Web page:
Formation and structures of GroEL:GroES2 chaperonin footballs, the protein-folding functional form.Fei, X., Ye, X., LaRonde, N.A., Lorimer, G.H.
(2014) Proc.Natl.Acad.Sci.USA 111: 12775-12780
- PubMed: 25136110
- DOI: 10.1073/pnas.1412922111
- Primary Citation of Related Structures:  4PKN
- PubMed Abstract:
The GroE chaperonins assist substrate protein (SP) folding by cycling through several conformational states. With each cycle the SP is, in turn, captured, unfolded, briefly encapsulated (t1/2 ∼ 1 s), and released by the chaperonin complex. The protei ...
The GroE chaperonins assist substrate protein (SP) folding by cycling through several conformational states. With each cycle the SP is, in turn, captured, unfolded, briefly encapsulated (t1/2 ∼ 1 s), and released by the chaperonin complex. The protein-folding functional form is the US-football-shaped GroEL:GroES2 complex. We report structures of two such "football" complexes to ∼ 3.7-Å resolution; one is empty whereas the other contains encapsulated SP in both chambers. Although encapsulated SP is not visible on the electron density map, using calibrated FRET and order-of-addition experiments we show that owing to SP-catalyzed ADP/ATP exchange both chambers of the football complex encapsulate SP efficiently only if the binding of SP precedes that of ATP. The two rings of GroEL thus behave as a parallel processing machine, rather than functioning alternately. Compared with the bullet-shaped GroEL:GroES1 complex, the GroEL:GroES2 football complex differs conformationally at the GroEL-GroES interface and also at the interface between the two GroEL rings. We propose that the electrostatic interactions between the ε-NH(3+) of K105 of helix D in one ring with the negatively charged carboxyl oxygen of A109 at the carboxyl end of helix D of the other ring provide the structural basis for negative inter-ring cooperativity.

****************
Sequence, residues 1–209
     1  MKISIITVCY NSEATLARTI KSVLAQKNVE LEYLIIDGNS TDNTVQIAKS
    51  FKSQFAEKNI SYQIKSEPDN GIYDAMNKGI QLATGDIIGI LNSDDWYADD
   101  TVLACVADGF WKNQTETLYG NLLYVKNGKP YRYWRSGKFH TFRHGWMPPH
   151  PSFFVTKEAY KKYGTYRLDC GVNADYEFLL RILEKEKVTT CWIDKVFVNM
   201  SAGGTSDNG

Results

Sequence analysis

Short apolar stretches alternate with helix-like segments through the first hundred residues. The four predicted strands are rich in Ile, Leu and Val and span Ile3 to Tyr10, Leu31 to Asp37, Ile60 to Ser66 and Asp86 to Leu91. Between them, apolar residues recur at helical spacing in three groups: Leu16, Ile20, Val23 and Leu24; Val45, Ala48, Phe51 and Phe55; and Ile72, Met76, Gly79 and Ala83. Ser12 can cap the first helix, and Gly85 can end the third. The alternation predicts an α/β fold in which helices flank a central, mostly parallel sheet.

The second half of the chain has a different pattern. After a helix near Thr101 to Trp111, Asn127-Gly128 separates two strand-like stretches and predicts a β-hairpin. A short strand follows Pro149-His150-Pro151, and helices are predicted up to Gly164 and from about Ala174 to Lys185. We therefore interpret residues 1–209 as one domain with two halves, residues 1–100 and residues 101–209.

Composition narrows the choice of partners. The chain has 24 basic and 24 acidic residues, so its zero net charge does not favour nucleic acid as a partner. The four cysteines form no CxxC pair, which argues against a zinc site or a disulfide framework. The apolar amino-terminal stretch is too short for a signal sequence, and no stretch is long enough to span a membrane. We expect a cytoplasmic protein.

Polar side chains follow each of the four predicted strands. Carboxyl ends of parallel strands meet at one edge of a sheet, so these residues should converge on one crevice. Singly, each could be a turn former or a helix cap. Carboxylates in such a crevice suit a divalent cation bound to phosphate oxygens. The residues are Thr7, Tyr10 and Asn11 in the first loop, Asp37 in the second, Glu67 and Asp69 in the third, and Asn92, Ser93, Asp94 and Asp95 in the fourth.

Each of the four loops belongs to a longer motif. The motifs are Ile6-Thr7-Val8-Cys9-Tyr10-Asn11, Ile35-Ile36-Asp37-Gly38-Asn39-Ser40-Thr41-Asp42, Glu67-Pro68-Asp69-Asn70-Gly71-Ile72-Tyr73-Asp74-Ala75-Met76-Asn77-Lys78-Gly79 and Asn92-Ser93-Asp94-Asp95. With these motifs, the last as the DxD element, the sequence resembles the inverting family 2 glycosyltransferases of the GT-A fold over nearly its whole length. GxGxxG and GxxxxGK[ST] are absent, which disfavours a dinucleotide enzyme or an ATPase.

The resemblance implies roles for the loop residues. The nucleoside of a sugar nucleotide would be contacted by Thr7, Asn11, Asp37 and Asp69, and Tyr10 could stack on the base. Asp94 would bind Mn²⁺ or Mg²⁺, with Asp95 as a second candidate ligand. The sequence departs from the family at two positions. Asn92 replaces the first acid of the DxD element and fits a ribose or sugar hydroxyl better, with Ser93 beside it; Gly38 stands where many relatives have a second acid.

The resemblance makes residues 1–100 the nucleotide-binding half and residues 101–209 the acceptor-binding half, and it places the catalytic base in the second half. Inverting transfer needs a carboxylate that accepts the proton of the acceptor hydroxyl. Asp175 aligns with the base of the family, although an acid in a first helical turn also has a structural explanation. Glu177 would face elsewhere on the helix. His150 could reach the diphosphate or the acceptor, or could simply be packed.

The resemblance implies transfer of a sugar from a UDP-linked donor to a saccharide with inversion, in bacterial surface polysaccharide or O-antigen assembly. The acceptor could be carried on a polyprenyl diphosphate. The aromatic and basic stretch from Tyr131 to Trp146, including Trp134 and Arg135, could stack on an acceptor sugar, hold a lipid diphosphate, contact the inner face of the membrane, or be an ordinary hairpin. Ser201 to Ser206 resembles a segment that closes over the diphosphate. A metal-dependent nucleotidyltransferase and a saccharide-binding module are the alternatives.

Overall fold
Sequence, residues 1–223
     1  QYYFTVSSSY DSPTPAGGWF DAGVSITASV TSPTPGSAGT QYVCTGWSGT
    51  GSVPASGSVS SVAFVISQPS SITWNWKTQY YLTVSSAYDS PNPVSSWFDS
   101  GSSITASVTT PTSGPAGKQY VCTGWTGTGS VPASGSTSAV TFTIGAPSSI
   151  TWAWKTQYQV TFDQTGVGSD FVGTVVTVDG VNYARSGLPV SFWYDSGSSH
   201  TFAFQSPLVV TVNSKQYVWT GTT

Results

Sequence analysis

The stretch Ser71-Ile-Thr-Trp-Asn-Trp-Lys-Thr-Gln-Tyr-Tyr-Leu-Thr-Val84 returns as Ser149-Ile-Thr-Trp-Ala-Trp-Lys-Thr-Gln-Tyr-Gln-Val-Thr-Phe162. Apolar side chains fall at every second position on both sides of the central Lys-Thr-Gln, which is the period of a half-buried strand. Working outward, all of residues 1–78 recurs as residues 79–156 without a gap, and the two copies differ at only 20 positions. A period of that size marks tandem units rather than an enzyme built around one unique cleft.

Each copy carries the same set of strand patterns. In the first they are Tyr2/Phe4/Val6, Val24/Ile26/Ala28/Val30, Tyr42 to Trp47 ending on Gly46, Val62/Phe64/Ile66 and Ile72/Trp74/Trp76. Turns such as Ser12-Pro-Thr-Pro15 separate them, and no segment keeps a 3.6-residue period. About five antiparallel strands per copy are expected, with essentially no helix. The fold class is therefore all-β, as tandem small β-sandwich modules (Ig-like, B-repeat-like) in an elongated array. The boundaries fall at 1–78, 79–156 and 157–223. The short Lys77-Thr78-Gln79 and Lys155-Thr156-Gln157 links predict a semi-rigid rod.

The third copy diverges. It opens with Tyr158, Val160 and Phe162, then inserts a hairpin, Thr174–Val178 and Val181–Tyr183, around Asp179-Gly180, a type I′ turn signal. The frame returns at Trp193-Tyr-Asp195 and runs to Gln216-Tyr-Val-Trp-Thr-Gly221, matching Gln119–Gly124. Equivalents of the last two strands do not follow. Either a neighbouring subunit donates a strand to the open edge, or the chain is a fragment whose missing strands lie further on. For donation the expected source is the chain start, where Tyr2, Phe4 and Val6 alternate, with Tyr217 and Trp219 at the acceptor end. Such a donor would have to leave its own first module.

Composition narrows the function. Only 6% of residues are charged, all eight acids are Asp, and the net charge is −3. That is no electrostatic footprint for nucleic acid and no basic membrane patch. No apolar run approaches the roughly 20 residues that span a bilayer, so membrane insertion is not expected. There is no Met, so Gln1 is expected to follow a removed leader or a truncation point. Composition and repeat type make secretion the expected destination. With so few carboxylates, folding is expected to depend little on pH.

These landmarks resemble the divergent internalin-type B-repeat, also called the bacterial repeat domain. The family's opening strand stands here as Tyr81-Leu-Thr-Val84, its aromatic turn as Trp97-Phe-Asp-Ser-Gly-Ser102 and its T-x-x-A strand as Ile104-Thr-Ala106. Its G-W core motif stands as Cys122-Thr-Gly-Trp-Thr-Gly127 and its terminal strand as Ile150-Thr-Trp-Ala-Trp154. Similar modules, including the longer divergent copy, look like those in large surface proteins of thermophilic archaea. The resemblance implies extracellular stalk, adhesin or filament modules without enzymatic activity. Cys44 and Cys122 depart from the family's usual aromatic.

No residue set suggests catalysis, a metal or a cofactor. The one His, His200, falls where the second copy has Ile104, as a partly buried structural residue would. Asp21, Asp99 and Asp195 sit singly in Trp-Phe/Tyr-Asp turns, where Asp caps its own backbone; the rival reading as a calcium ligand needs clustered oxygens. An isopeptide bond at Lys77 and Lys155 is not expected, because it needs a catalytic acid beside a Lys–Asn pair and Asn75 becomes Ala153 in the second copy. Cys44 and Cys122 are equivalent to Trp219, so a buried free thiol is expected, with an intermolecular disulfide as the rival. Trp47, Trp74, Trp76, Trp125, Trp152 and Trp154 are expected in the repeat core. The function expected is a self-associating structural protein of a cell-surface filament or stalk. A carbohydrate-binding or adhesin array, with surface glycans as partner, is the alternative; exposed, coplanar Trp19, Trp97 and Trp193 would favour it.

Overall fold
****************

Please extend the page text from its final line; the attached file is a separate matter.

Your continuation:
Biophysics Graduate Program, Center for Biological Structure and Organization.